What is a suspended prison sentence and what does it mean?
A suspended prison sentence is the term given to a prison sentence imposed by the court, and then suspended (ie ‘delayed’). The court may decide to delay the prison sentence to allow the defendant a period of probation, or to undertake treatment for an addiction, or to meets conditions in the community.
If the defendant breaches the terms of the suspended sentence, or commits another offence, they are likely to be sent to prison to serve the original prison term imposed. A suspended sentence may be accompanied by a fine, but the court cannot impose a community sentence at the same time as suspending a prison sentence.
When can a suspended sentence be imposed?
On conviction of an offence punishable by a term of imprisonment, the court may impose a prison sentence where the so-called ‘custody threshold test’ has been passed. Where the court imposes a prison sentence of between 14 days and two years (or 6 months in the Magistrates’ Court), it can suspend the sentence for up to two years. Where the court imposes consecutive sentences for two or more offences, the power to suspend can only be exercised if the aggregate of the terms does not exceed two years (6 months in the Magistrates’ Court).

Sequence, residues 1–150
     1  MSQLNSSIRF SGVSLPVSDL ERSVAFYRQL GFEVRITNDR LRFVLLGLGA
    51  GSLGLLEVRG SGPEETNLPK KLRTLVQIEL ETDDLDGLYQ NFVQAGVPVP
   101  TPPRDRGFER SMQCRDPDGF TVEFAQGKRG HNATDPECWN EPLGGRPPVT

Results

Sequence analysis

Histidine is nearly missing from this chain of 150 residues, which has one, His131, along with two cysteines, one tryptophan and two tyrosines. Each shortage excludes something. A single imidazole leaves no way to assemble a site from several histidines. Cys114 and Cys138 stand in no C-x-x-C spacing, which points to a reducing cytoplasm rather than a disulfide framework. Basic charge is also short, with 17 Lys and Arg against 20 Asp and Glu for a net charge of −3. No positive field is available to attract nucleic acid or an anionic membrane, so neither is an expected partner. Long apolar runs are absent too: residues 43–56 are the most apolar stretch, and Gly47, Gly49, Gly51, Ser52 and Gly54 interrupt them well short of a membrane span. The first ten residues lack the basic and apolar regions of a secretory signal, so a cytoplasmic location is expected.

Once the court has decided a prison sentence is appropriate, it must then consider whether it should and can suspend it. If so, it can suspend the sentence (or aggregate of sentences) for between six months and two years.
For more information on:
- What is the effect of suspending a sentence?
- What is the effect of breaching a suspended prison sentence?
- Which court can deal with a breach of a suspended sentence?